3. Barbie says:

    I’ve never done chili sauce….Looks good ….I always love the way you photograph your food….every time I take a photo for my blog I think “Now how would Karen take this photo”? Hmmmm she always either turns the dish a certain way or only photographs half of it or something or with a little sprinkle on the side….Anyway….that is always what I notice about your foodie posts!

  4. Toronto Boy says:

    What did you say Mr. Stomach? Yes I know! I haven’t made chilli sauce in nearly 3 years! I guess it’s time to change that!

    First we need to go to the grocery store and pick up a few red kidney beans, a package of mince meat, some cheddar cheese, a ripe green pepper, and a packet of chilli powder! Then it’s time to start the party over at the stove top!

  5. Susan says:

    Now, if it was me, I’d have gone with a pasta sauce today, just to get one more dig in after yesterday’s Facebook debacle, but I guess chili sauce is close enough. If you don’t want to make this post public on the blog, Karen, that’s fine with me. I was saying it more to you than anyone else, anyway. Keep strong.

  6. Patti says:

    So sweet you read my ramblings and responded … I’m triple blessed … got Canada backing me! Just so you know, my dear, grandpa Jeanne Pierre Comeau was born in Nova Scotia! Never got his American status cause only a midwife (long dead) could confirm his birth. So I’m kinda a Canadian! Well hell, I love it!

  7. Wendy says:

    I seem to not know how to spell corderoy. Or “ex-boyfriend.”

  8. Wendy says:

    Okay. So here’s my thing with chili sauce:

    When I was kid in the late 70’s/early 80’s my mum had a boyfriend who canned his own chili sauce. He also carried around a man purse with all his newspapers in it, and his information for his various sports pools. He and my mum made matching caftans, and they sewed up a giant beenbag “snake” out of brown corderoi filled with those little bean bag beans that got everywhere.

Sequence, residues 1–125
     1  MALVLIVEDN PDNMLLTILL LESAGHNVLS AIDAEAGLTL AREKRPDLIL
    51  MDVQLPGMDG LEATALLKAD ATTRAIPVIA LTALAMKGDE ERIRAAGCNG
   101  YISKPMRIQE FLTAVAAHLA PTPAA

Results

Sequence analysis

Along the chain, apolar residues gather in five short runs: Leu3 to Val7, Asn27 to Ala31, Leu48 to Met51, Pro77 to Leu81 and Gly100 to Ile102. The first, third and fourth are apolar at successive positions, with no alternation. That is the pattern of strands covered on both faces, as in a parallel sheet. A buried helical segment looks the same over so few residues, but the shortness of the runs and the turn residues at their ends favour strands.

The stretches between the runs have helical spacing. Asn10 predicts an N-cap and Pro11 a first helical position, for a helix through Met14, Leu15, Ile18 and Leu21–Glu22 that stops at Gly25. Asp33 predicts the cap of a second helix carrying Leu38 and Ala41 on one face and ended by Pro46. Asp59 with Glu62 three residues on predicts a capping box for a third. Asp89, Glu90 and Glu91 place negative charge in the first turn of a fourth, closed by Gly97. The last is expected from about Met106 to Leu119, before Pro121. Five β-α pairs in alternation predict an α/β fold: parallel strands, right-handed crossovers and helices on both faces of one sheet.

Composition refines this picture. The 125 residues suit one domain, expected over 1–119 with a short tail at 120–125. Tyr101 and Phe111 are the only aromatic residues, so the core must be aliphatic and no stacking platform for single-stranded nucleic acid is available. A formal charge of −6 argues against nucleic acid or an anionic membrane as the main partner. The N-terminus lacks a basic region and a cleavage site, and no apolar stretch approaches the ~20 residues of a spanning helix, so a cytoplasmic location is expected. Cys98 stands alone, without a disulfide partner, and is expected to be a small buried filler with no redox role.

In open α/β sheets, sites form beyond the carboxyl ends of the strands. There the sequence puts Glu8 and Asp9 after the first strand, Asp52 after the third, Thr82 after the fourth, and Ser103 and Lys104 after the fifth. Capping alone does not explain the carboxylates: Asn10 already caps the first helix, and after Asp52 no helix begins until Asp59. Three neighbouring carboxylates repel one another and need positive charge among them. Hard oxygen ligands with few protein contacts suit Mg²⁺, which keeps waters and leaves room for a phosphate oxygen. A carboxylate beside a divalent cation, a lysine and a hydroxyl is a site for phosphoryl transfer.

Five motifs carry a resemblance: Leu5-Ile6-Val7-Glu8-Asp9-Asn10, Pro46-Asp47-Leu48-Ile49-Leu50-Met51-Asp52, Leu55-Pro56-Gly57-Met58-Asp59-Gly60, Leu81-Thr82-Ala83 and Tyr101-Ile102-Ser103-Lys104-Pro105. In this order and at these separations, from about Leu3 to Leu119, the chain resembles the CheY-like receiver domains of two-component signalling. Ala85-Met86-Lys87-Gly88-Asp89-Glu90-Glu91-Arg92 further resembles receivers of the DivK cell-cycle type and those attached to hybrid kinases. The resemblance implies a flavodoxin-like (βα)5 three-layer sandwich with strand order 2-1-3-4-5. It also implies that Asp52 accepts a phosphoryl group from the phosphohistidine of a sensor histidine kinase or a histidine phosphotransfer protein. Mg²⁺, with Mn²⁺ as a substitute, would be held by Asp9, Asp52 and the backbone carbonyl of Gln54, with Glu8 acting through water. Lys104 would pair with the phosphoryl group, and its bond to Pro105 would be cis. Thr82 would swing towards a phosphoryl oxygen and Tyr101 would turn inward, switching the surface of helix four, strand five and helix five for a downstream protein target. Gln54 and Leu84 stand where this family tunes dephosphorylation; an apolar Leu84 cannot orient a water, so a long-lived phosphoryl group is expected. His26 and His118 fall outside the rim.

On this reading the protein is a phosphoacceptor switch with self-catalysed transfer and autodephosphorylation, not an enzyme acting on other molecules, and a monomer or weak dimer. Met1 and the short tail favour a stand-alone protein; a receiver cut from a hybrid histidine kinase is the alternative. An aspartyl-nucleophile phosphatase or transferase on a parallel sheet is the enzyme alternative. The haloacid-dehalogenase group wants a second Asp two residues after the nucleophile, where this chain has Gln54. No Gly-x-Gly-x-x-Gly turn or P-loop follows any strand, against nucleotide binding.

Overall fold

He was an eccentric guy, who watched hockey, but also got me interested in the shows “Hill Street Blues” and “WKRP in Cincinatti.” I did and do think well of him.

    He canned his own chili sauce. It was awesome. On scrambled eggs. (Note: I feel very strongly against ketchup on scrambled eggs–ugh.)

    It is very unlikely that I will be making my own. I love your blog, Karen, but I know my own limitations. I will not be making chili sauce.

    But boy, did your post get me thinking about my mum’s wonderful oex-boyfriend, and what a good almost step-dad he was, in all his eccentricities.

    • Jenny says:

      Your comment made me smile! He sounded like an interesting guy with a man purse.

      Ps….I eat ketchup with everything….especially eggs! :X :D

    • Cussot says:

      Aww, so sweet, Wendy. I can hear the theme songs, feel the corduroy and oh look, there’s a styrofoam bean clinging to my shirt, damnit. Thanks for the story.

  9. christine says:

    Tortiere, baby!